It was the worst of times and the worst of places. I was in the tropics on the equator mired up to my thighs in impenetrable black mud. It was a rain forest in the rainy season in southern Sumatra and I was tired wet and hungry. But what really concerned me most was that I hadn't taken a single photo of the subjects I'd been assigned to cover. I'd walked thirty kilometres over three days wading through slime and tripping over fallen trees. The area resembled a war zone as much of the forest was being cleared for a government resettlement programme. In time, this land would produce neat rows of crops farmed by hardworking Indonesians escaping the overcrowded island of Java. But now all it offered was fallen trees, mud, erosion and one very disgruntled photographer.
It all began, as these things so often do, with a phone call at three o'clock in the morning from Paris. The fact that the world has been divided up into time zones and that Singapore, where I am based, is up to twelve hours ahead of New York or London, has somehow escaped the notice of most picture editors in the developed world. They often get around this oversight by trying to deny its existence.
"Oh, but it ees only 'hate o'clock 'ear in Paris."
A mumble from me and a curse from my wife who has answered the phone and who is now being strangled by the cord as I pull it to my side of the bed.
"Av you 'eard about ze 'helephants swimming from Sumatra to Java?"
Having woken from a deep sleep I was not really firing on all cylinders, but even with my brain working at a crawl this didn't sound like a sane person at the other end of the line. Java is, after all, separated from Sumatra by a fifty kilometre strait. I knew elephants could swim. I'd covered one who had crossed from Malaysia to Singapore but that was only a short distance and he unfortunately ended up on a live firing island run by the Singapore military and had to be taken back to the mainland on a troop carrier. Elephants swimming to Java was another thing entirely. And besides, I hadn't heard or read anything about this or any other elephant migration. Who was this crazed late night caller?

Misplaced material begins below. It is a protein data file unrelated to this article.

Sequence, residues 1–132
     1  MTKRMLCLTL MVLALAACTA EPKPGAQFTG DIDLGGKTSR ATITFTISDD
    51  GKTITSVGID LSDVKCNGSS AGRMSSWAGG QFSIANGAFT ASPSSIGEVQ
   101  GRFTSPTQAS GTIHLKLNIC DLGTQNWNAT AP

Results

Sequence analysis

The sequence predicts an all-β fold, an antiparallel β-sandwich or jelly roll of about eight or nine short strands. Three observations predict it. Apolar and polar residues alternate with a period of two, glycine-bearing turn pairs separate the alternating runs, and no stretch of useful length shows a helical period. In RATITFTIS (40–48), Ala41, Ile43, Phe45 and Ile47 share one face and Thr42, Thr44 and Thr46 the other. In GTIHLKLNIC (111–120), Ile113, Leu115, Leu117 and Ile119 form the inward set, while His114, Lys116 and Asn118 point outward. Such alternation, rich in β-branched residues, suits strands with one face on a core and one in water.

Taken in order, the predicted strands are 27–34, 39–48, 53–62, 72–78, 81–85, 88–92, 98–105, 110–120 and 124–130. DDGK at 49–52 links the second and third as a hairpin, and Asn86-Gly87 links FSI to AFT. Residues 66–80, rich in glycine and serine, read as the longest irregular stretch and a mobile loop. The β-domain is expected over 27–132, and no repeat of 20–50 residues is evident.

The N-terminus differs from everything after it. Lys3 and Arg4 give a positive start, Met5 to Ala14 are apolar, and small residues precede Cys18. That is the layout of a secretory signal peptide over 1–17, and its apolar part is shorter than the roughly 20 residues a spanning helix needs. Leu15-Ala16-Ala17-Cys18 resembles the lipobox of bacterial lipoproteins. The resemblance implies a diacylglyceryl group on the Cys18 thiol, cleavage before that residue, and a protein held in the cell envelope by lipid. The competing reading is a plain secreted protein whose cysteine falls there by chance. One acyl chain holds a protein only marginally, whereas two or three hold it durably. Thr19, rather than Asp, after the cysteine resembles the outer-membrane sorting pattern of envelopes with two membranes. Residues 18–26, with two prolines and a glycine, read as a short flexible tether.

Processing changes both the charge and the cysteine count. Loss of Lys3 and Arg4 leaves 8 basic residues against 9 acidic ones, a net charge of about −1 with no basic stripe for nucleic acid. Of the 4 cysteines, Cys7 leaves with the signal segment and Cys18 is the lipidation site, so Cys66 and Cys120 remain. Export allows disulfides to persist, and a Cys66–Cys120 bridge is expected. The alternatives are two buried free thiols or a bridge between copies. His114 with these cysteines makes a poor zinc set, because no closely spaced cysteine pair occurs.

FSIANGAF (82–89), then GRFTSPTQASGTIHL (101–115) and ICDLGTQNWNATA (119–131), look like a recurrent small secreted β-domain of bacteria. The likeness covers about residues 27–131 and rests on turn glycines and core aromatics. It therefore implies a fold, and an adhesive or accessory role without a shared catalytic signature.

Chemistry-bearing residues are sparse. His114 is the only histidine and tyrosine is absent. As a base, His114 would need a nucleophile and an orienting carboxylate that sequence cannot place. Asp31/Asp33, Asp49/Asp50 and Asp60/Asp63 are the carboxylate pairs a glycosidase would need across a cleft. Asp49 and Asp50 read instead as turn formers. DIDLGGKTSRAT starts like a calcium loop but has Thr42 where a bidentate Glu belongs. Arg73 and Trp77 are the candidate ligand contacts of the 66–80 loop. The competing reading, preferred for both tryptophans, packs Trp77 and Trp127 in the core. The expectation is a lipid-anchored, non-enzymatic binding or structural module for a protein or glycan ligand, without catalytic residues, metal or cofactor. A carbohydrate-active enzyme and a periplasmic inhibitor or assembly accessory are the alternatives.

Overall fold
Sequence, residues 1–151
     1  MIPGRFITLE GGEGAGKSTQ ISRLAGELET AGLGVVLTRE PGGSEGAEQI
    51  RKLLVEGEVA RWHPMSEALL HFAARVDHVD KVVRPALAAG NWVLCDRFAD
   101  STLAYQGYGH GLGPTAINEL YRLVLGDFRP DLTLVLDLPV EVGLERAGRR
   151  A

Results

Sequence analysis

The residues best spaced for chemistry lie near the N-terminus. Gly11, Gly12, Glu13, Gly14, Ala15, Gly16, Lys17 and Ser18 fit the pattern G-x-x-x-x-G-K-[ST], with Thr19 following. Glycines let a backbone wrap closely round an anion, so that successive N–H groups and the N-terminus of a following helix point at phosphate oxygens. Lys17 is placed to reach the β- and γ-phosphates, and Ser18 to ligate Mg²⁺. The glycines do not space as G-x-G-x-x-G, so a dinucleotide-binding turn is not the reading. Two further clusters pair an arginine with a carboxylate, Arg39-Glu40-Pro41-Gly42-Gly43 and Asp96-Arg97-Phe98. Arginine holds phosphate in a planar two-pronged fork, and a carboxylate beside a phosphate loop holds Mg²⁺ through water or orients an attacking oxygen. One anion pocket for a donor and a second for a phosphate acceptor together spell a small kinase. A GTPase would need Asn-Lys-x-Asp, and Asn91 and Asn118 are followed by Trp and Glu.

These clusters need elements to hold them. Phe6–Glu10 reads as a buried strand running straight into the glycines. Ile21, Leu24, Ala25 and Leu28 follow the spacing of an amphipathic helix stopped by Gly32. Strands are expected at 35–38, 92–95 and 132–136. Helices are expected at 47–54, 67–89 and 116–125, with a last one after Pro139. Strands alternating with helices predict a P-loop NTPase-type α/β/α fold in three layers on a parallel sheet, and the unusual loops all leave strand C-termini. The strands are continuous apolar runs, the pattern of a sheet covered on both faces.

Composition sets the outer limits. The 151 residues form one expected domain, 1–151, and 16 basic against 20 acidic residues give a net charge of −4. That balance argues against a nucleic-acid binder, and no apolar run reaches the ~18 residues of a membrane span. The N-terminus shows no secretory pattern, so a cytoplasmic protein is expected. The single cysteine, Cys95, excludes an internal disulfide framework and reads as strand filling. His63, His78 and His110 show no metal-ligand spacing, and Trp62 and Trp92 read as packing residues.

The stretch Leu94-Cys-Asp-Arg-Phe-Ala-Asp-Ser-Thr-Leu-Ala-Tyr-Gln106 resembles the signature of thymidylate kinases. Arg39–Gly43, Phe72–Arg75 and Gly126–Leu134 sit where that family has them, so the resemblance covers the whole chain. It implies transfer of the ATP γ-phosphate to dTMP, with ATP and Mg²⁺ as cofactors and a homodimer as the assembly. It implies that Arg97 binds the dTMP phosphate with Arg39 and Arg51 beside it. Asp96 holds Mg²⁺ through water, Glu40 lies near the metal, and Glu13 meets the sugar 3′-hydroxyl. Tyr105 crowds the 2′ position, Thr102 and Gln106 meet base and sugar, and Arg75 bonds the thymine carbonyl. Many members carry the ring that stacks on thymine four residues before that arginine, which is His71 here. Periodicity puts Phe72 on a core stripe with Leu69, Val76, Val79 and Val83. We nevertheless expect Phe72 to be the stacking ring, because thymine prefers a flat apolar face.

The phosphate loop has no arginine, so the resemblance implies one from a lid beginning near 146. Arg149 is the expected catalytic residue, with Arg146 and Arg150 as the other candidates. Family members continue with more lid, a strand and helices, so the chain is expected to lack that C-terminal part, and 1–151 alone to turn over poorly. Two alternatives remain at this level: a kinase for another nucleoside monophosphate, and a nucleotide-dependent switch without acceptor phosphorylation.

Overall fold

"I 'ham from SIPA Press in Paris and we would 'lak you to go and shoot ze elephants immediately."
Sure. Anything you say. Just let me get back to sleep. I'll deal with it in the morning.
The next day I would have passed the whole incident off as a bad dream except for the hastily written note I had scribbled that mentioned elephants but nothing else readable. A few phone calls later revealed a local Indonesian story about a military co-ordinated effort to move a herd of elephants who had been terrorising some new settlers in southern Sumatra. It was, after all, their rain forest until it was cut down to make way for new farms, so they figured any crops or food they found rightly belonged to them. The new owners objected to these two ton visitors walking over their fields and sometimes over their new homes, so the government had sent in a special task force to round them up and move them on to a reserve.
I envisioned the whole thing as a bunch of soldiers leading an elephant drive in jeeps, rounding up stragglers and roping babies, much the same way as Ben Cartwright would have done with cattle on his property in Bonanza. An elephant drive. Nothing to it. A day to fly in, a day or two to take the photos, and a day to get back to Singapore. Four days tops.
Four days turned out to be the travel time I needed to get in and out of the place. I'd overlooked the rain forest. It was vast, difficult to penetrate and certainly not near a major airport. No problem, I thought. Asia's my beat. I'll call friends, work contacts and somehow figure it out. It took three airplanes, each progressively smaller, to get to the town where I boarded a river boat, not unlike a dilapidated version of the African Queen, that finally chugged and belched its way up a river for 14 hours to get to the settlement. Forty eight sleepless hours after I left Singapore I finally arrived. Or at least I was told I had arrived because I didn't see anything that came even remotely close to my definition of a 'settlement'.